Rafa’s winning forehand on set point in the third was the shot of the match, in my opinion. I feel like if he hadn’t won this point, he very well may not have won the match. And the fact that he went for this shot, on this point–a point he knew was, basically, the match–in the midst of such a long rally, a rally he easily could have gotten tentative during, easily could have thought–let’s see if he misses–the fact that he went for this shot, and, obviously, most importantly, made it–is everything that Rafa is on the tennis court.
(Of course, I was basically totally confused during this point, because I thought the serve was a let, but it wasn’t apparently, then I thought Rafa’s winning forehand might be out because it was so deep and close to the line, then I was momentarily distracted by Rafa’s lawnmower (which I thought at first was another fall) and so I didn’t realize Novak’s ball had gone out and so I thought it might have gone in and Rafa had dropped in despair. THEN, I realized Rafa was indeed lawnmowering, so then I was happy. But it was all very chaotic for me. (Incidentally, this just might be the tipping point for me to finally get glasses.))
In order for the above situation to even be possible, Rafa had to obviously save the 0-40 at 4-4. Of course, this reminded me of the fourth set of the Australian Open in 2012, when Rafa also saved 3 BPs at 0-40, at 3-4. Had Rafa lost one of those points, Novak would have been able to serve for the match in the fourth set. Instead, Rafa ended up taking it to a TB, winning it, going up a break in the fifth… . ANYWAYS, so it’s just interesting that he’s been in that same situation before, although this time he was able to win the match.
I mentioned Rafa’s strong returning yesterday, but I have to mention it again because it really was so precise and such a key to the match. In the past, including when he won the U.S. Open in 2010 (he was 5 of 25–5 of 25–on BPs in that match), Rafa has occasionally tightened up on returns on BPs, particularly on second serve returns (probably because with the first serve, he is just reacting, whereas with the second serve, he’s thinking he has to make it and then gets too nervous and overhits). On Monday night, though, Rafa was nerveless and flawless on these returns and they were a big part of what allowed him to break Novak 7 times because he was putting all of the balls back in the court, and in places that at least put him in a neutral position and at times put him in an advantageous position.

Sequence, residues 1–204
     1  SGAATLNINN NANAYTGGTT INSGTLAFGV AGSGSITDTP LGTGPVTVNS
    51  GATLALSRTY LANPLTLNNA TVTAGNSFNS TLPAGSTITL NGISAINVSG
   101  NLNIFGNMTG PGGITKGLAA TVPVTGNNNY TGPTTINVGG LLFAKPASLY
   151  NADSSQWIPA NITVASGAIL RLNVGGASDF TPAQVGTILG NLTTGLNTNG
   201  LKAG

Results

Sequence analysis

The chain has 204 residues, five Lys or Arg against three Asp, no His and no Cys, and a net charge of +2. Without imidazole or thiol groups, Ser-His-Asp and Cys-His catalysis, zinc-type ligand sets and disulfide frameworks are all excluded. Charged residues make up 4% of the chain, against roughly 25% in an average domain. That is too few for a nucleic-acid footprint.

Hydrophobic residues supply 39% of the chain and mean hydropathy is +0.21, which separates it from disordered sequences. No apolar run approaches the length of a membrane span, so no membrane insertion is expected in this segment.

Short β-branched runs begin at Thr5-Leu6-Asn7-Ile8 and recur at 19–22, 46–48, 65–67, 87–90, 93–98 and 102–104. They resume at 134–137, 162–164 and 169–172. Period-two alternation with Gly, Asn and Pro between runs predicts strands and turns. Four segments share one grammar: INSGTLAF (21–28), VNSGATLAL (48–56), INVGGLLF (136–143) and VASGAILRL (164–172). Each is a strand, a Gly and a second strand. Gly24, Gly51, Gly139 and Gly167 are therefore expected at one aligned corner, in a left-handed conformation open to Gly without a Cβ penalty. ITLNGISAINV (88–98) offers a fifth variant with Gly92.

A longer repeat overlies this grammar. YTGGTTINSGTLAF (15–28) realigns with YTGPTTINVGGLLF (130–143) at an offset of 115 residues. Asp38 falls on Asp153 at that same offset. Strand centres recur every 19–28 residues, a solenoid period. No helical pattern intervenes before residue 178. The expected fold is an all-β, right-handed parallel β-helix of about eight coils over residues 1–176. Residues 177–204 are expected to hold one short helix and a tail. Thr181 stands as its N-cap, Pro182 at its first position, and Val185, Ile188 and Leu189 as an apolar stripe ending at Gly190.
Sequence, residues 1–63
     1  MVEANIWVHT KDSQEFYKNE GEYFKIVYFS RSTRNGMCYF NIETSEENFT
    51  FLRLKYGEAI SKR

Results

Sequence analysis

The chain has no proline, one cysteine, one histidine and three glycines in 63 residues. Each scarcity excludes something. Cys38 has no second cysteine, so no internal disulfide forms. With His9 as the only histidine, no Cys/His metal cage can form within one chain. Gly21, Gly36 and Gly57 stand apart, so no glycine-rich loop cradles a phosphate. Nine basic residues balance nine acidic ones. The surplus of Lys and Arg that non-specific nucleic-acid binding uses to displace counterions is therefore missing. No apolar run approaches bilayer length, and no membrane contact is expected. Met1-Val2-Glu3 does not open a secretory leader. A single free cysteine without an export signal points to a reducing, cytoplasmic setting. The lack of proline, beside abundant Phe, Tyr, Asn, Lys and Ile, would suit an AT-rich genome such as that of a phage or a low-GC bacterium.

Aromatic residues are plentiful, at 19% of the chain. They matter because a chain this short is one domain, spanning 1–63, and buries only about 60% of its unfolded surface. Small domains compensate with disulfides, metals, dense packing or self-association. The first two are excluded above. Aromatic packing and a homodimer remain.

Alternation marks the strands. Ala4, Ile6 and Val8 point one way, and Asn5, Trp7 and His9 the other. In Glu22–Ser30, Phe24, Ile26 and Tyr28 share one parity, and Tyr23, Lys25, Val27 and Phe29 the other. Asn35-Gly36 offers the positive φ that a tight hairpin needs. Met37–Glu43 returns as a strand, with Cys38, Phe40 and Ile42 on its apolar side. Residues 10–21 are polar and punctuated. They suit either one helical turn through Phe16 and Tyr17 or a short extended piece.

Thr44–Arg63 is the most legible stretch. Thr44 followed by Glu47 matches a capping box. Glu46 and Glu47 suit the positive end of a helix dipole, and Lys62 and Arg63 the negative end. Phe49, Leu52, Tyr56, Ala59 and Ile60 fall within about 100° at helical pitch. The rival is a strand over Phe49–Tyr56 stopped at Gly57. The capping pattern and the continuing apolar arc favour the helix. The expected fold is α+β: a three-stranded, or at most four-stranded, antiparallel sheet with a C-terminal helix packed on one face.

Final, final thought on the match: I feel like Rafa is doing this year what everyone expected him to do in 2011, i.e. after he won the French, Wimbledon, and the U.S. Open in 2010 at age 24, everyone assumed he was going to dominate the tour for the next year at least and win everything and be #1 for an extended time. Then he got injured in Australia, but came back strong in IW, but lost in the final. Then he did the same in Miami. Then Madrid. Then Rome. Then Wimbledon. Then the U.S. Open. (am I really doing this?) All to the same guy. Then all the “he can’t solve the riddle, he’s gotta solve the riddle” (THERE IS NO RIDDLE) stuff started and it was insufferable and awful and ridiculous. The POINT is: Rafa lost those matches in 2011 for a variety of reasons and Novak deserved the victories obviously and that’s fine. But now Rafa’s going ahead and taking what’s his, and what more logically should have been his a couple of years ago, but. ya know, Rafa operates on his own timeline, he will not be rushed!, etc. and the bottom line is that it’s just so nice that Rafa’s taking it and playing at this level again, and it’s maybe even nicer that it’s now instead of then.
Rafa arrived this morning to very little fanfare.
Tommy Robredo (@TRobredo) September 11, 2013